History of the Internet

TCP/IP: One Protocol to Rule Them All

As packet-switching networks began to pop up in different areas of the world, the desire to have them all communicate with one another increased. Working off of the ideas used to create Cyclades, Robert Kahn and Vinton Cerf began to work on a new protocol to replace NCP. Transmission Control Protocol (TCP) was being tested on ARPANET as an alternative in 1974.

TCP improved the reliability of data transfer across the network, but it was only half of the puzzle. Cerf and Kahn added Internet Protocol (IP) to form the complementary TCP/IP protocol that is still in use today. TCP/IP allowed for end-to-end connectivity and specified how data passing through the network would be:

  • Formatted
  • Addressed
  • Transmitted
  • Routed
  • Received

Again, the RFC system was integral to refining these protocols, and TCP/IP borrowed many features from the protocols designed by other organizations.

With TCP/IP we began to see a new practice of collecting a group of other procotols – we will inaccurately call them sub-protocols for the purpose of this explanation – and group them together into a parent protocol, which is considered a standard unto itself.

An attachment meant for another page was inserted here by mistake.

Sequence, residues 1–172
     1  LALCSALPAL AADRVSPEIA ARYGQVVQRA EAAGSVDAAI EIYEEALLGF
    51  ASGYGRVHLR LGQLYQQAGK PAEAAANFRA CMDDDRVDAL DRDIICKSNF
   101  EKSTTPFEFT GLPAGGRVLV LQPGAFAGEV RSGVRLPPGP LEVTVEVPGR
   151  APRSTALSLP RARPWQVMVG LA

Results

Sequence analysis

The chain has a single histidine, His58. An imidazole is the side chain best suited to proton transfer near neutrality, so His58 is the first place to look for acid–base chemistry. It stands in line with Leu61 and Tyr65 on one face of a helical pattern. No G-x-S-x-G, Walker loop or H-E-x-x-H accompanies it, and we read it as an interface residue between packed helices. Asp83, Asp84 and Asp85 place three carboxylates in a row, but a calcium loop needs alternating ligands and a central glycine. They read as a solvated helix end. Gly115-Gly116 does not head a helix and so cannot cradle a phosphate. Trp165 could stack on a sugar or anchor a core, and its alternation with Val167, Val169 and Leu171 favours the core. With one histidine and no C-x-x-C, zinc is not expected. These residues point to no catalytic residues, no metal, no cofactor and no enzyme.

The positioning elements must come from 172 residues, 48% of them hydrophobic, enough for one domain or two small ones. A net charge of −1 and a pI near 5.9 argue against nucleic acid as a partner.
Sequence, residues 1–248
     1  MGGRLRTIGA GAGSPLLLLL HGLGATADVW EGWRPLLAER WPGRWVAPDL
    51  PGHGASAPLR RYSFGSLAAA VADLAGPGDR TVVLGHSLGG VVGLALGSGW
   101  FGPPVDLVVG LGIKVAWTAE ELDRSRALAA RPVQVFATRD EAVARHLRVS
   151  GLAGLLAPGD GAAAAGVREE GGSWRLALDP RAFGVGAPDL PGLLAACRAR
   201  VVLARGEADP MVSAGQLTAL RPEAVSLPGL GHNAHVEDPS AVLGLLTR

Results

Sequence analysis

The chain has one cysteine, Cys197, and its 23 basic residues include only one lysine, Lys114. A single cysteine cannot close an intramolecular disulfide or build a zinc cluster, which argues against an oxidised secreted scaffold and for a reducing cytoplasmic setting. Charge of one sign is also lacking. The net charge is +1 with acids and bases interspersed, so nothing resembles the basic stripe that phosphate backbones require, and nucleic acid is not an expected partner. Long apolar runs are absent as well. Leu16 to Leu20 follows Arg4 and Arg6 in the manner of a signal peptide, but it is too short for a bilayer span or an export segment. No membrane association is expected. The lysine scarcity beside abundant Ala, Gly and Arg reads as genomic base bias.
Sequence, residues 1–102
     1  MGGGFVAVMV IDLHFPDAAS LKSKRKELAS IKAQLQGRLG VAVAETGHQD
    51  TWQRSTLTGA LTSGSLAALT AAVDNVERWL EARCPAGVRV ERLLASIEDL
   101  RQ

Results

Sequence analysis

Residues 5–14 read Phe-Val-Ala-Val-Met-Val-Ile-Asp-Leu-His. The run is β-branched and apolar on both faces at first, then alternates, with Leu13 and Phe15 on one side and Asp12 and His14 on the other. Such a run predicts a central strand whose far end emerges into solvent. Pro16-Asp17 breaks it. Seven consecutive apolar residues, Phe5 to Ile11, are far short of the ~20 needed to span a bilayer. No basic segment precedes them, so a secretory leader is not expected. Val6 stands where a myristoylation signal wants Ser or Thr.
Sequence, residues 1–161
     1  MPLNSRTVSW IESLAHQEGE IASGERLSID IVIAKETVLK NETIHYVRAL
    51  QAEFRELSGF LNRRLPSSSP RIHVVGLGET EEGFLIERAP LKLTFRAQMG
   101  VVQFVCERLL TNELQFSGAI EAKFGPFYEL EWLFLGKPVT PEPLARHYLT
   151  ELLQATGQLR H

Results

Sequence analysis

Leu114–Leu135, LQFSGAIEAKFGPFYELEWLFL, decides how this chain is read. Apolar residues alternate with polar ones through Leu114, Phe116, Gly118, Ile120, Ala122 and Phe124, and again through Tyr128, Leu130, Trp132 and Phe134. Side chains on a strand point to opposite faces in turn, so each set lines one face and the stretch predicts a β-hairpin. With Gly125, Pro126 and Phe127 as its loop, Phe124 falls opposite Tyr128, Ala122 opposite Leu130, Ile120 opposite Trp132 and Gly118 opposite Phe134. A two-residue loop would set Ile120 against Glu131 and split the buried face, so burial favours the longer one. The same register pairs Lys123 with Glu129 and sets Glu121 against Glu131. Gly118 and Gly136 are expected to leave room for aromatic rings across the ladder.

Over this same period, ARPA was renamed the Defense Advanced Research Projects Agency (DARPA), and steps were taken to segment a military network from research-based ARPRANET. This military network was officially launched in 1983 under the name MILNET.

TCP/IP Connects the Dots

TCP/IP served as the Swiss army knife of protocols, allowing diverse machines and network hardware to connect to a common network. It was officially implemented by ARPANET in 1983. By this time, ARPANET was just one of many established networks, some of which were already using TCP/IP, while others were using X.25.

Throughout the U.S. and Europe, these packet-switching networks were adding more and more nodes. Major networks were used as backbone networks, forming cores that served as high-traffic routes for data to pass through on the way to its destination. In addition to Mark II, Cyclades, Telenet and so on, some of these networks included NSFNET, a network funded by the National Science Foundation (NSF) to link educational institutions and CSNET, a network tied into ARPANET over a dial-up connection using X.25.

After some competition between protocols, TCP/IP was chosen as a standard protocol, making it possible to start connecting the dots across the world. In the U.S., NSFNET played a vital role by providing many of the Internet backbones and helping establish federal Internet exchanges. Theses spelled the end of ARPANET as a central player in the story of the Internet.

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